Winkles (Littorina). This is a mixed bag, with Hayward and Ryland listing ten species. The common periwinkle L. littorea is the most abundant, particularly on rocky shores and usually readily recognisable by its sheer size. We were slightly dismayed to find that the flat periwinkle beloved of small children (and overgrown ones), because of its bright yellow and other colour varieties, is in fact two species: L. obtusata (with a shouldered spire) and L. mariae (without a spire). However, mature shells can be readily distinguished with practice, since they generally occur together. The rest of the genus presents considerable difficulties, partly owing to ‘the degree of overlapping characters between some species’, and also because ‘the taxonomy of the L. saxatilis complex has long been disputed’. Enough said.
Two other groups of gastropods bear mention. The first is the netted dog whelk Hinia reticulata and its close relative the thick-lipped dog whelk H. incrassata; we have found both, but worn shells are tricky to differentiate. The second is the necklace shells Euspira (formerly Natica or Polinices). Bivalve shells neatly drilled by these predators are very common, but we have only so far found one complete shell of the culprit, at Clachtoll, probably the alder necklace shell Euspira nitida.
Bivalves. As already mentioned, our finds in this group are much more numerous, and we are still on a fairly steep learning curve with regard to their identification. The remarks that follow should therefore be regarded as very preliminary.
The heavyweight in this group, the mahogany quahog or Icelandic cyprine Arctica islandica, was the subject of a previous article in this journal [Highland Naturalist] by David McAllister (THN 11, 14-15, 2015). We have found whole shells at Nairn and, rather to our surprise, fragments, which look like broken china, on just two occasions on the west coast so far, at Inverkirkaig and Oldshoremore.
Also large, but nothing like so massive, are the widespread otter shells and gapers. Only the common otter shell Lutraria lutraria occurs around our northern coasts, usually associated with soft substrates. We do however have two species of gapers, recognised by the large spoon-shaped processes in their hinges, the sand gaper Mya arenaria and blunt gaper M. truncata.
Scallops (Pectinidae). The colourful shells of this family have given us a great deal of pleasure. The great scallop Pecten maximus occurs most often as fragments. Commonest amongst the smaller species is the variegated scallop Chlamys varia, with its lop-sided ears and numerous ribs, which exists in a wide range of colour patterns from off-white, through yellow and orange, to brick-red, purple or brown. We have only come across the queen scallop Aequipecten opercularis twice so far, at Nairn and Strathy; specimens from the latter beach were perhaps uncharacteristically small (at about 1cm). The tiny shells of two other species are amongst the gems of the shoreline, the smooth ones of Palliolum incomparabile (see above), and the fluted ones of the tiger scallop Palliolum tigerinum. Also common, now that we have recognised its curiously ‘bumpy’ shells, is the hunchback scallop Chlamys distorta.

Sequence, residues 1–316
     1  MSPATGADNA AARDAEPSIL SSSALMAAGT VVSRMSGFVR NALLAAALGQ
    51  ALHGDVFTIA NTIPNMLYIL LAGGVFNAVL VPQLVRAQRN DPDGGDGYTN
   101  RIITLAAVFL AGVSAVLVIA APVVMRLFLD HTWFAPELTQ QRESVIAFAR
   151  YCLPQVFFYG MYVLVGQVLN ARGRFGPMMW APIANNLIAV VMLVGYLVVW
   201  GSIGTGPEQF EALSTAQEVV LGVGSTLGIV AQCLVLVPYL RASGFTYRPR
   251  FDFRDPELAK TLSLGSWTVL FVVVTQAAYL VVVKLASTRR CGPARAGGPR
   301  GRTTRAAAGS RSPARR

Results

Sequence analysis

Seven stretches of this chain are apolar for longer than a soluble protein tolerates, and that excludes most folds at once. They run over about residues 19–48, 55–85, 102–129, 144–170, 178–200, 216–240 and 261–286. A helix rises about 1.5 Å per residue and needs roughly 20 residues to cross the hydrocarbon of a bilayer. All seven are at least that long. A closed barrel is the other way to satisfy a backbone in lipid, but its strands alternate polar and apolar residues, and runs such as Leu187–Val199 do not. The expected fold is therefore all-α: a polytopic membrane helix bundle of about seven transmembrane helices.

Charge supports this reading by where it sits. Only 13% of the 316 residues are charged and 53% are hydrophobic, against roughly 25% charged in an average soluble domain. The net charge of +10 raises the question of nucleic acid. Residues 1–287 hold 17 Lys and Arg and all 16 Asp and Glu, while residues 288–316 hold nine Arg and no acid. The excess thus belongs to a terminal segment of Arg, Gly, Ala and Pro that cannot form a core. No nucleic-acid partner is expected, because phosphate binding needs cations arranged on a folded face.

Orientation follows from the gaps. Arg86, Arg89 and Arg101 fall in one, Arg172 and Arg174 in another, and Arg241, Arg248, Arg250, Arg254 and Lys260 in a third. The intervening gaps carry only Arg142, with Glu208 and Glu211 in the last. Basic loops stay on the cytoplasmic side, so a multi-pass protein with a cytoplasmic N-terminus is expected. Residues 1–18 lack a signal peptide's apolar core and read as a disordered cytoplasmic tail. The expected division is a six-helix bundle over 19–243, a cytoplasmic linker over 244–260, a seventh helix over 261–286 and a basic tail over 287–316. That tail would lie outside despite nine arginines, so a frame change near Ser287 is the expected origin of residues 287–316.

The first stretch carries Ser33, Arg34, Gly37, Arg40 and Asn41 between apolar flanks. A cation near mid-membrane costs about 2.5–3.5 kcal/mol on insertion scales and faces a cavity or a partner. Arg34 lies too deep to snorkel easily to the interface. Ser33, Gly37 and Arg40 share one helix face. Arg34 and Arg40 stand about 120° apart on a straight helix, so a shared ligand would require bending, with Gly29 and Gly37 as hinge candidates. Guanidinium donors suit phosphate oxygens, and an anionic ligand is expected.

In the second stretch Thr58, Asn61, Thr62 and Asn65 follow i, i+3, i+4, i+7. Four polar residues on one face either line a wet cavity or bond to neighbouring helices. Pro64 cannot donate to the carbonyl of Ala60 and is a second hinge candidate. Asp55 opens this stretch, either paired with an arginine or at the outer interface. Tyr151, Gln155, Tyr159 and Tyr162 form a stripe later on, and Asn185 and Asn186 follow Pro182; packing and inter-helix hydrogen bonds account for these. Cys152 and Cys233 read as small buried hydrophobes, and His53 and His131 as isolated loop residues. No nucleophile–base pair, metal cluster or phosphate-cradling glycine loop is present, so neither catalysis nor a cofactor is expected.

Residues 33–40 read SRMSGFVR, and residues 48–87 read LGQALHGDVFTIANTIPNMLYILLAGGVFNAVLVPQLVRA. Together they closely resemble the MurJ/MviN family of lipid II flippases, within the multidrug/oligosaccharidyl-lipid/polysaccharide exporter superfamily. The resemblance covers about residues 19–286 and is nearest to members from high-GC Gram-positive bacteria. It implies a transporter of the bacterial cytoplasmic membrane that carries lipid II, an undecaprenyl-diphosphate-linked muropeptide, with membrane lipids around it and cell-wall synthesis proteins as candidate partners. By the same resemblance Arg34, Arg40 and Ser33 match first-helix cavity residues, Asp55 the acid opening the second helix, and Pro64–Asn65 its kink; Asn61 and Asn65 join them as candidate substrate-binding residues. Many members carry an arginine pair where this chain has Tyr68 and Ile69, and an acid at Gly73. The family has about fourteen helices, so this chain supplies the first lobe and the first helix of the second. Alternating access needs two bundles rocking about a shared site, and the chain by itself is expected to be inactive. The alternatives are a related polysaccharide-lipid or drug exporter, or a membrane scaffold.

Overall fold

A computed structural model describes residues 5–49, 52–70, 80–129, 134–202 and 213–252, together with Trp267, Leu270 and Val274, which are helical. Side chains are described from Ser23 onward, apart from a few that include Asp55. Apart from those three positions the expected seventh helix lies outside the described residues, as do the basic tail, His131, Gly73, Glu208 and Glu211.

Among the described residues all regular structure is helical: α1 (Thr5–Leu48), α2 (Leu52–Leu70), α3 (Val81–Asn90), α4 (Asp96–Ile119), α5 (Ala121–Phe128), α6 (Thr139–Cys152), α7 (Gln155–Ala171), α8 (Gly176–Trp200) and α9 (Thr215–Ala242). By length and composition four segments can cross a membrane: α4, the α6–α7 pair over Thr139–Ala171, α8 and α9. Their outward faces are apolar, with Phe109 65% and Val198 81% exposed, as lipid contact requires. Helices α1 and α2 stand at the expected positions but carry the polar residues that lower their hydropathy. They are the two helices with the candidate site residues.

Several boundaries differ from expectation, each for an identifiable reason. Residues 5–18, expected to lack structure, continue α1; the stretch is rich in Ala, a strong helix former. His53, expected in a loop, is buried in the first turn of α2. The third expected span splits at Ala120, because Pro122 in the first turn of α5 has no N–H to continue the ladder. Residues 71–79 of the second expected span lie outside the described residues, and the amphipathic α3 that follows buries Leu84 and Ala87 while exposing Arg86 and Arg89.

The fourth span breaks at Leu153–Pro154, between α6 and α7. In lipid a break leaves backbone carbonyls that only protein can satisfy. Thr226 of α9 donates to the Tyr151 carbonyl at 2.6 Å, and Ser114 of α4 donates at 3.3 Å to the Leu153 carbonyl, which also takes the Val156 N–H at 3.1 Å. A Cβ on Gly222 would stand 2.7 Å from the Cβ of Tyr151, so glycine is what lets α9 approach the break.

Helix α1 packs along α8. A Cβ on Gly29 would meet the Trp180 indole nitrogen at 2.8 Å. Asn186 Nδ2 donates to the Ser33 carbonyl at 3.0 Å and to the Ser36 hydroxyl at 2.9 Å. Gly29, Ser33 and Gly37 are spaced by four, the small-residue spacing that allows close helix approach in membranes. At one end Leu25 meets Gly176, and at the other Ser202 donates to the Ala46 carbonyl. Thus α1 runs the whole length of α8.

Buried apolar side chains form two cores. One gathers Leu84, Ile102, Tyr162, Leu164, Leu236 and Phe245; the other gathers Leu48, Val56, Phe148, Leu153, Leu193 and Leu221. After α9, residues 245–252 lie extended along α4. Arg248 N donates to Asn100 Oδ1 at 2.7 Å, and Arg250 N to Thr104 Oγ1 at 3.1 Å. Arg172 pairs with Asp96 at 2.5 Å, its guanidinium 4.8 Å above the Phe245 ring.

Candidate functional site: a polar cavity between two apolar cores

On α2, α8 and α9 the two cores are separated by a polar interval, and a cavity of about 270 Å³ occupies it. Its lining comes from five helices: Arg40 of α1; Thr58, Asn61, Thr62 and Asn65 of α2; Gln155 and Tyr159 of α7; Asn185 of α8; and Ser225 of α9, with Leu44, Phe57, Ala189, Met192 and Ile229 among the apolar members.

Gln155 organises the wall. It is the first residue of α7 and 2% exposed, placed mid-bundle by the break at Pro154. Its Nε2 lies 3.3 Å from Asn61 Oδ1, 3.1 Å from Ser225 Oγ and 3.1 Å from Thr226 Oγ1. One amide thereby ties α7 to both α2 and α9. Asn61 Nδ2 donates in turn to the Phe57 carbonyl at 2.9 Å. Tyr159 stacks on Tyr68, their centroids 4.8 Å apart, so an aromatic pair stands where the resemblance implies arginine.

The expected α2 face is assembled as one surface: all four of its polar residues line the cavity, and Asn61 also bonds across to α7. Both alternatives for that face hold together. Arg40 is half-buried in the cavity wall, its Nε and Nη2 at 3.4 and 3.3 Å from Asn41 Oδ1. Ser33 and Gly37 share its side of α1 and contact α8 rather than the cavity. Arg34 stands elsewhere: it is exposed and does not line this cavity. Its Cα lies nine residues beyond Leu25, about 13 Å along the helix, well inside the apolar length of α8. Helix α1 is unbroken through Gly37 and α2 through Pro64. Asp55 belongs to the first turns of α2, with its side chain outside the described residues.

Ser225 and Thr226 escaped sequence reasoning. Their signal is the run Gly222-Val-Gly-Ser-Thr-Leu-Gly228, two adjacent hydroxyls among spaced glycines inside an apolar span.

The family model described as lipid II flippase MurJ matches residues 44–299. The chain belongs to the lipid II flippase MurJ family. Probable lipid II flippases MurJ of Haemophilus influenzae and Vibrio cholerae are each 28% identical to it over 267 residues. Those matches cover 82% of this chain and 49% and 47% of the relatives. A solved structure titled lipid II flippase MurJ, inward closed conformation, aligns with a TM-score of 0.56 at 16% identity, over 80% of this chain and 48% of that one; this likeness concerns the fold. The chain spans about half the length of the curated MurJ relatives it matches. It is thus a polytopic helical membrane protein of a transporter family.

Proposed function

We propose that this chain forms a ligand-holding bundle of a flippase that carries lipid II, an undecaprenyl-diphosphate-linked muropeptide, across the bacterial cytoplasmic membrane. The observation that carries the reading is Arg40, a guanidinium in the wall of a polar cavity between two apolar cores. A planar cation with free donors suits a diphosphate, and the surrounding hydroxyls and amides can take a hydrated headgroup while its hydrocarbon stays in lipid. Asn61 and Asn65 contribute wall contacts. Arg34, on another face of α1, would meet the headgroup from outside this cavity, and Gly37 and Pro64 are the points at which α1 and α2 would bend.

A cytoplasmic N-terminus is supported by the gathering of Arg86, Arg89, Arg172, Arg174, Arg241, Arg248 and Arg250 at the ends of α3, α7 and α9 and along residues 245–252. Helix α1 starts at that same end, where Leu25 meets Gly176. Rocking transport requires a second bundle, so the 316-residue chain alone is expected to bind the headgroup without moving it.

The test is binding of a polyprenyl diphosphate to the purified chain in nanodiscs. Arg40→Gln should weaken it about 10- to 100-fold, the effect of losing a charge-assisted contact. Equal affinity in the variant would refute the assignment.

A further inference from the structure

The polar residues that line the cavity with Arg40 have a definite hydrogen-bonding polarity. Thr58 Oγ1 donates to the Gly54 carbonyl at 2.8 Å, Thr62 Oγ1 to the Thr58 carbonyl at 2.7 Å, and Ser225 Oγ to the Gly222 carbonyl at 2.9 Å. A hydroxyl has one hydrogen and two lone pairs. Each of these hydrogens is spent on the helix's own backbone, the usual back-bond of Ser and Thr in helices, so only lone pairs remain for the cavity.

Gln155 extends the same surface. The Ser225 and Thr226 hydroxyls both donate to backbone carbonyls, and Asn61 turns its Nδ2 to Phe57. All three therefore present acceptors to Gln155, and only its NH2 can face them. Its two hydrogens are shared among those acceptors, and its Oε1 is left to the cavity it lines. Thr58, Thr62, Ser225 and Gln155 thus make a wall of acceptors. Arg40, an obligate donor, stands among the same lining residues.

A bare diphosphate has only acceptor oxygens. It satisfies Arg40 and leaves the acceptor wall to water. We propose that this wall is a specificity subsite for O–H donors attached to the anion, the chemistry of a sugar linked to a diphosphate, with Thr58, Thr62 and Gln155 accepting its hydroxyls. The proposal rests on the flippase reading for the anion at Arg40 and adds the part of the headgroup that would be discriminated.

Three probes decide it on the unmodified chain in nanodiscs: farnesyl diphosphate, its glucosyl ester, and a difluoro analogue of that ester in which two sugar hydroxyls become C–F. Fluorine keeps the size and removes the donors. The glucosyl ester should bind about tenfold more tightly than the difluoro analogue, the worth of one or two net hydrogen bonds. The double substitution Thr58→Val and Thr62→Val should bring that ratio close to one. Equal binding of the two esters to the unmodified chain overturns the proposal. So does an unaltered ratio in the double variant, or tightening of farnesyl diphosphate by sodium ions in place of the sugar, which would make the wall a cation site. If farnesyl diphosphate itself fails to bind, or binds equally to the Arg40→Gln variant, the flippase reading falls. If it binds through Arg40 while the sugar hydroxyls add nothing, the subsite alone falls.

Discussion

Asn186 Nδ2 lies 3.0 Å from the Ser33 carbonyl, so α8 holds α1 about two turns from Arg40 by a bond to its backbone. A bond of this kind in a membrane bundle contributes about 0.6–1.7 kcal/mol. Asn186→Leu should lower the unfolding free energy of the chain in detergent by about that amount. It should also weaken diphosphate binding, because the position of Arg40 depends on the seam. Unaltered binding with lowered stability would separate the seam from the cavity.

Native oysters Ostrea edulis have been scarce so far, and we have only found the introduced Portugese oyster Crassostrea gigas where it has been farmed. Saddle oysters belong to an entirely different family, and live attached to hard surfaces by a plug that passes through a hole in their lower valves. The commonest species appears to be Anomia ephippium, with three separate muscle scars on its upper valve, but there are related species with two separate or fused muscle scars that are well illustrated in the older text by Tebble.
The variety of form and colour exhibited by other bivalves is perhaps best illustrated by a selection of those collected at Oldshoremore on 20th March 2016. They range from the very common pink or orange fragile shells of the thin tellin Angulus tenuis, through a variety of more robust cockles, mussels, razor shells, trough shells, carpet shells, sunset shells, wedge shells, venuses and artemises, to the delicate white shells of Cochlodesma praetenue, which has a Mya-like spoon process and a curious crack near the hinge. Their precise shape can be quite a useful guide to their identity, but careful attention to technical features, such as hinge architecture, muscle scars and pallial margins, is necessary for certain naming.
Those more knowledgeable will hopefully forgive this discursive account of our stumbles into an aspect of natural history relatively new to us. Shell collecting is not rocket science, but it can be very good fun, and trying to name one’s finds is quite as challenging for this group as any other. Our advice is to get out there and have a look for yourselves.
Thanks to Stephen Moran for his encouragement (based on many years shell collecting around the Firths and, in his youth, along the shores of Yorkshire), to David McAllister for his helpful comments on a draft of this article, to Don O’Driscoll for his introduction to the delights of Oldshoremore, and to members of the Assynt Field Club, in particular Clarinda Chant, for their company on some chilly excursions.
Reference Seaward, D.R., 1990. Distribution of the marine molluscs of north west Europe. Nature Conservancy Council (available as a pdf download).
Photographs by Ian Evans unless captioned otherwise.